SEATTLE — The overturning of Roe v. Wade has sparked emotion around the nation and in fertility clinics, in particular, it sparked fears of unintentional consequences.
If life starts at conception, are eggs fertilized in labs, deserving of all human rights provided? If that is so, how would that affect fertility treatments like in vitro fertilization (IVF)?
Currently, the overturned of Roe v. Wade does not impact IVF, as the law does not mention it, as reported by NBC. But, there have been concerns that Personhood Bills are coming, that is bills that would recognize fertilized eggs and fetuses as fully legal persons.
If this occurs, fertility treatments like IVF could be jeopardized, according to the same report by NBC.
IVF works by combining sperm and eggs to create embryos in a lab, which are later inserted into a person’s uterus. It is also common practice to test these eggs and fertilize several of them and store them in freezers for future IVF cycles.
Although the practices are common and meant to help people get pregnant, the statement of these potential laws is what has sparked fears among fertility doctors. If these bills become law, things like genetic testing and freezing embryos could be considered as harming the embryo, according to Dr. Lora Shahine, a Seattle fertility doctor from Pacific NW Fertility.
This could negatively impact those who struggle with fertility or couples and individuals who cannot get pregnant on their own. In the U.S., two in 100 children are conceived via IVF.
Not every fertilized egg can hold to term, just like not every egg fertilizes, explained Shahine.
Shahine isn’t the only one worried.
"If a law is written to establish personhood of a fertilized egg or an embryo, for example, then discarding an embryo would violate that law. It would be considered homicide," Priscilla Smith, director of the Program for the Study of Reproductive Justice at Yale Law School, said to NBC.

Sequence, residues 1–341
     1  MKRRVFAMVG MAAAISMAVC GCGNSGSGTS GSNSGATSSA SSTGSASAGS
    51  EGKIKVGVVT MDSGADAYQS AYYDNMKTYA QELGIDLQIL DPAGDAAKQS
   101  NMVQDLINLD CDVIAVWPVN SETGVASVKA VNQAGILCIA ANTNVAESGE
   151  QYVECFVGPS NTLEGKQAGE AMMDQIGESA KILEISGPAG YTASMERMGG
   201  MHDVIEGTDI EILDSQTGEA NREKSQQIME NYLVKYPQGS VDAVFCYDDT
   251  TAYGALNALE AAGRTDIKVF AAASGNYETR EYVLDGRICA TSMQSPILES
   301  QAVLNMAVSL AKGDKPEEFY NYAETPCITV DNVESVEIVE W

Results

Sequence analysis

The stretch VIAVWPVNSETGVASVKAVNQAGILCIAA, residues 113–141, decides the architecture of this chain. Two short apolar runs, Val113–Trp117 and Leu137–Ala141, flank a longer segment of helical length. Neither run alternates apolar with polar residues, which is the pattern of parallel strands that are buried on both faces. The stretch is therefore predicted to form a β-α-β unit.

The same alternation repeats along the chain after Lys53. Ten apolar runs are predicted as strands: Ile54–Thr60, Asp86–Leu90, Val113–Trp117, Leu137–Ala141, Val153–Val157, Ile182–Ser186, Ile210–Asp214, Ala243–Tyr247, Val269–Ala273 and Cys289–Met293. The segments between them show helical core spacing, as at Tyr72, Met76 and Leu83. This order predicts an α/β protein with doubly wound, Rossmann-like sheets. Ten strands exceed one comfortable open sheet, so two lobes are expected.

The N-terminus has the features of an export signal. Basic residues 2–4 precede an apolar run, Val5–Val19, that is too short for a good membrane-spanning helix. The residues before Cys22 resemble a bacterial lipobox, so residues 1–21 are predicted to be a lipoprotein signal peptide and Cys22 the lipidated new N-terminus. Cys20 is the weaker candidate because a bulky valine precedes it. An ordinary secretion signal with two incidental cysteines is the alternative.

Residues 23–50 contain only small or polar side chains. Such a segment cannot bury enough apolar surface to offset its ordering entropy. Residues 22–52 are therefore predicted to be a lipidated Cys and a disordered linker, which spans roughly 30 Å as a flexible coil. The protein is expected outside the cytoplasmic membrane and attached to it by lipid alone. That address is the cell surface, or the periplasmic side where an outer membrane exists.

Yet, the real consequences of these bills are not going to be known until we know exactly what language is used, NBC reports.
"What happens to IVF pre-implantation embryos in the freezers? Can couples, patients decide to discard them or not?" said Susan Crockin to NBC. Crockin is a legal scholar at Georgetown’s O’Neill Institute for National and Global Health Law. "It’s going to depend on the language of the statute and the tenacity of individual prosecutors who are interpreting it."
Although Washington has protected abortion rights into law, for Shahine what this means is that personhood bills can potentially force people to go to other states, which would increase the cost and thus decrease accessibility.
But Shahine says even without personhood laws there are risks to the overturning of Roe v. Wade.
“One of the things that people don’t realize is this kind of birth at any cost can actually really do harm to people that are trying to build their families,” said Shahine. “There are times when people are pregnant with a baby with multiple anomalies that is just not going to make it to term or if it is delivered it’s not going to live for very long. And asking someone to carry this pregnancy until term, go through the labor and delivery process, maybe even a C-section, not only is it impacting mental health and emotional wellness, but there are complications in delivery that might impact somebody’s ability to have a future child.”
As Shahine puts it, there are risks to limiting medications that can help someone safely recover from a pregnancy loss.
“I think that people think that pregnancy is, I hate the word, natural and healthy and beautiful," Shahine said. "Pregnancy is risky and you know things can happen.”